Idolizing the American (Athletic) Hero

Early Monday afternoon, Diana Nyad touched land in Key West, FL after her 110-mile swim from the coast of Cuba. Though the 53-hour journey was successful, this accomplishment was truly 36 years in the making, for 64-year-old Nyad began her record-breaking adventure at age 28. From less than ideal weather conditions to unbearable jellyfish stings, Nyad endured nature’s wrath repeatedly, failing four times on her path to an excruciating, yet triumphant, fifth try. With determination driving her every move, Nyad overcame age—an assumed barrier in the athletic world—to achieve her lifelong dream of being the first person to ever swim from Cuba to Florida without a shark cage.

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Nyad said she would “find a way” and, with her team by her side, the seasoned swimmer overcame the obstacles that once threatened her journey’s completion. “I got three messages,” Nyad told reporters after her return to dry land. “One is we should never, ever give up. Two is you never are too old to chase your dreams. Three is it looks like a solitary sport, but it’s a team.”

Often times, when it comes to sports, we glorify and praise players for their athletic prowess, for we admire their youth from the sidelines. Talented as they may be, we pay professional athletes exorbitant amounts of money to entertain us while partaking in an activity they truly enjoy (and would presumably play for free if money were no longer an issue). Though most attribute their obsessions to their love for the game, the fascination with sporting events and athletic achievements often stems from the onlooker’s wish to exude such physical superiority. (We do exist within a culture that values the young and locks away the old, after all.) We long for the speed, agility, and build of those who excel at our favorite pastimes.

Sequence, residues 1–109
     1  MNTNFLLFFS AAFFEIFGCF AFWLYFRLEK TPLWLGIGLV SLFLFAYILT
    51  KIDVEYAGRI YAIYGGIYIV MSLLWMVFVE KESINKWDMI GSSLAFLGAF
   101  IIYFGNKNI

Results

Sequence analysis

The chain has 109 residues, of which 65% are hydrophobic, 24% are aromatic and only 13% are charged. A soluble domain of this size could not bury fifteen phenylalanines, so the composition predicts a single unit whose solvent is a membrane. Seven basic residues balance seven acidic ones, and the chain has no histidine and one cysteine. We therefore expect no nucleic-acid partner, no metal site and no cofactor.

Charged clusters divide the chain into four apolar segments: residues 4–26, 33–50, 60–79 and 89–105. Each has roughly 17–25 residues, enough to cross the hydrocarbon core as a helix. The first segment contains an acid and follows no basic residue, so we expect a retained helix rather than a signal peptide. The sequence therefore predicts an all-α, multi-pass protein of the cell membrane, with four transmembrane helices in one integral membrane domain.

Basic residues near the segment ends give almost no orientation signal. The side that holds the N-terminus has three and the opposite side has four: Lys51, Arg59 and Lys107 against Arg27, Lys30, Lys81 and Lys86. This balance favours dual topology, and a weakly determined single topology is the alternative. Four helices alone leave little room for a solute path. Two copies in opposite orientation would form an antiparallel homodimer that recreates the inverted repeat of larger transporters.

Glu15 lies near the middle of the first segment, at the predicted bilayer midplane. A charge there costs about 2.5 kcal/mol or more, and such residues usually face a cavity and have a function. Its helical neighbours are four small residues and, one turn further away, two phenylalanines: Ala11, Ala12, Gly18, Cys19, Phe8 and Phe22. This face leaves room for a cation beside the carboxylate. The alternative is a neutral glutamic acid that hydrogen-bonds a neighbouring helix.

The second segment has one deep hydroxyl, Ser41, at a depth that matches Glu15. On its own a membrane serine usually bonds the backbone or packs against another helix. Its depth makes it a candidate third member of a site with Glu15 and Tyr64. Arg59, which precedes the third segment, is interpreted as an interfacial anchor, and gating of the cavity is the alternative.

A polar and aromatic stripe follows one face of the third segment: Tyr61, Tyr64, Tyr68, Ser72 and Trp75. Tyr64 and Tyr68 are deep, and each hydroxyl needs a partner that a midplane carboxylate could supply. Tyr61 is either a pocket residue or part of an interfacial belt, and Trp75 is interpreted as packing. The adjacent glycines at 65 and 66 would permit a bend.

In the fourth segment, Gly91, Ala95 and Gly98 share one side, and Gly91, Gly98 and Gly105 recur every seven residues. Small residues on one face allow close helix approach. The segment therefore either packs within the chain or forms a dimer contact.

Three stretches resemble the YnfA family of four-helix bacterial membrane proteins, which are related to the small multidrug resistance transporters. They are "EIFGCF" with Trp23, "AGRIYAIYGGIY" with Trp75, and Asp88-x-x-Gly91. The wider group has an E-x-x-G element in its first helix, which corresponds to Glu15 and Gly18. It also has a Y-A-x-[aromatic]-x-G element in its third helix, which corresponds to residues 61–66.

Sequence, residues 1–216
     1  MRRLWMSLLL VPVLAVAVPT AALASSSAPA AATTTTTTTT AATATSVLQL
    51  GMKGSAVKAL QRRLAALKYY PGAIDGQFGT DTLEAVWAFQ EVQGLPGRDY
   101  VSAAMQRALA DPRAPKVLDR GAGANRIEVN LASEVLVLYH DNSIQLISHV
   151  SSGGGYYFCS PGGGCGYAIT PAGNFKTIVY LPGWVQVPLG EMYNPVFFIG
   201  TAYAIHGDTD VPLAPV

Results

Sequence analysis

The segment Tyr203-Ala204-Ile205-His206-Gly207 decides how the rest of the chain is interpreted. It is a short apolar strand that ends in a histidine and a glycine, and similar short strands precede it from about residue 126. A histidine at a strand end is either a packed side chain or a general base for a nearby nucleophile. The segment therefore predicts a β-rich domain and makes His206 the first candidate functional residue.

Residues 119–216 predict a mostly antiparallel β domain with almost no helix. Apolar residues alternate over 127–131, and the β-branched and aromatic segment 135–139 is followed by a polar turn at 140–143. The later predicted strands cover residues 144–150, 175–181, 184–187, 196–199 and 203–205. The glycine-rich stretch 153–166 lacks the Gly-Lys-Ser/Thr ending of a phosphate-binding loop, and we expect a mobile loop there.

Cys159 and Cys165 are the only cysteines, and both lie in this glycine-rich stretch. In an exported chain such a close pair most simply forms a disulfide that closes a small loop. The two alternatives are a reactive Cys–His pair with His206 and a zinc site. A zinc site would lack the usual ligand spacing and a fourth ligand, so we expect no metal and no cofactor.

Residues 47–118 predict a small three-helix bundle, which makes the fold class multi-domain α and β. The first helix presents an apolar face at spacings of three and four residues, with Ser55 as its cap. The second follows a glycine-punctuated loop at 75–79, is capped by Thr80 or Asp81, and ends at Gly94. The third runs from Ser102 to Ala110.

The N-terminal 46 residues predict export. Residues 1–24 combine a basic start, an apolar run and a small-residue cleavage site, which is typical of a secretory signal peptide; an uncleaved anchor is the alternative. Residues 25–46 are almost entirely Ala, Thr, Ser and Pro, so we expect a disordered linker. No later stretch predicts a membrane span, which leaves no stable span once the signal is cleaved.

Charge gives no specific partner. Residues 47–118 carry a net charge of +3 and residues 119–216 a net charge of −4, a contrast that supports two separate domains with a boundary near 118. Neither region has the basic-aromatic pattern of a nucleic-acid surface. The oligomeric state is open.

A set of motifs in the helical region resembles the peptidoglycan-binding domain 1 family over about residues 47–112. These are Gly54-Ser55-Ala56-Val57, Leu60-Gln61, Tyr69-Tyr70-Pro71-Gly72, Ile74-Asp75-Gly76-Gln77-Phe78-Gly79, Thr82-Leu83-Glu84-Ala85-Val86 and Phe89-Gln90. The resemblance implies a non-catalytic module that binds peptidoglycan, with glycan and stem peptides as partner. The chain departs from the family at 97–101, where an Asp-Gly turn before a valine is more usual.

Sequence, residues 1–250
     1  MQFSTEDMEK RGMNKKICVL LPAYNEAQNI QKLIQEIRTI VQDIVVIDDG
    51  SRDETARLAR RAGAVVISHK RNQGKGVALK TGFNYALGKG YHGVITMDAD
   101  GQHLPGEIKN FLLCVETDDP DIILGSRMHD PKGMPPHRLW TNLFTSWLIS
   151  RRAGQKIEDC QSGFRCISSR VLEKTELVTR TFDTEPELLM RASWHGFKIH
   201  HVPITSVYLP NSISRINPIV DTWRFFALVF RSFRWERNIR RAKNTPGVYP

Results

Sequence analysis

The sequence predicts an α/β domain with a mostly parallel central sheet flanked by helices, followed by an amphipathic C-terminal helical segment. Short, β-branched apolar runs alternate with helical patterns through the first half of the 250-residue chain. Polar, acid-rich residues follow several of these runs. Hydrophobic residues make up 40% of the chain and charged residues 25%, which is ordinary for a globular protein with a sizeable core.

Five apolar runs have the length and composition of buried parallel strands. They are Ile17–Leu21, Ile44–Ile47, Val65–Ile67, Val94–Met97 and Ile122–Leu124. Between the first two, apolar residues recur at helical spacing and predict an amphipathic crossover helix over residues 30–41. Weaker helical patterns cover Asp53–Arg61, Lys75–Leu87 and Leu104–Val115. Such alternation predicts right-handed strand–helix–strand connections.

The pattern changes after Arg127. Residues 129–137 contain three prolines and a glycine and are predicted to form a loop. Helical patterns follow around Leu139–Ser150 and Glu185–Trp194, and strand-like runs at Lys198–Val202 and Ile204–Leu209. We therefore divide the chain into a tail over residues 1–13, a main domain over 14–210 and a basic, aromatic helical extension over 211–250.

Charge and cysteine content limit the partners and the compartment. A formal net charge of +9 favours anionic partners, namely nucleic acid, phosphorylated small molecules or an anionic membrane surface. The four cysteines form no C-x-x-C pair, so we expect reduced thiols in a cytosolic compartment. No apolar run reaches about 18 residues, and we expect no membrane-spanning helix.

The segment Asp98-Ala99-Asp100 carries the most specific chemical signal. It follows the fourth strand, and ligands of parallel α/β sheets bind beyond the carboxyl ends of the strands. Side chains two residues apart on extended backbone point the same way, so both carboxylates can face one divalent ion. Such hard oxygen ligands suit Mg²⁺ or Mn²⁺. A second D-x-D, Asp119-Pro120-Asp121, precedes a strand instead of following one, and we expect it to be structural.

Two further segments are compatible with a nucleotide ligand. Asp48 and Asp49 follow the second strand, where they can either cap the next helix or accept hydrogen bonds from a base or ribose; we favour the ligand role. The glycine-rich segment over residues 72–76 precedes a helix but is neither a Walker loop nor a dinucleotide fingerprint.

But this week, Nyad traded her spot in the AARP registry for a place in the record books. She defied all odds to prove age need not define your being, for that number has no bearing on one’s dreams. She spent the last four years fighting to achieve something she once believed fell through her fingers as a young woman. Most would’ve allowed that initial failure to pass them by—many might’ve even let the struggle define their remaining years. Nyad, however, saw her mother’s death as the trigger for reevaluation. Nyad chose not to live with regret and defied our ageist notions to succeed where all others, including herself, had failed.

Now, not only does she hold an incredible record, but she stands as a symbol for courage and hope. She represents perseverance and determination, becoming an idol for both young and old. Her success spans generations, for her goals and accomplishments prove that giving up need not be an option no matter how long it takes to achieve your dreams. And, in a society that often depicts women as worthless once they’ve passed their physical prime, Nyad proves that health, wellness, and success go far beyond the pretty, young faces scattered about Hollywood. Her daring, dangerous adventure shatters both age and gender barriers, allowing her to embody a living metaphor that will inspire generations to keeping swimming toward their dreams, no matter how elusive the shores may appear.

(Image courtesy of cbsnews.com.)

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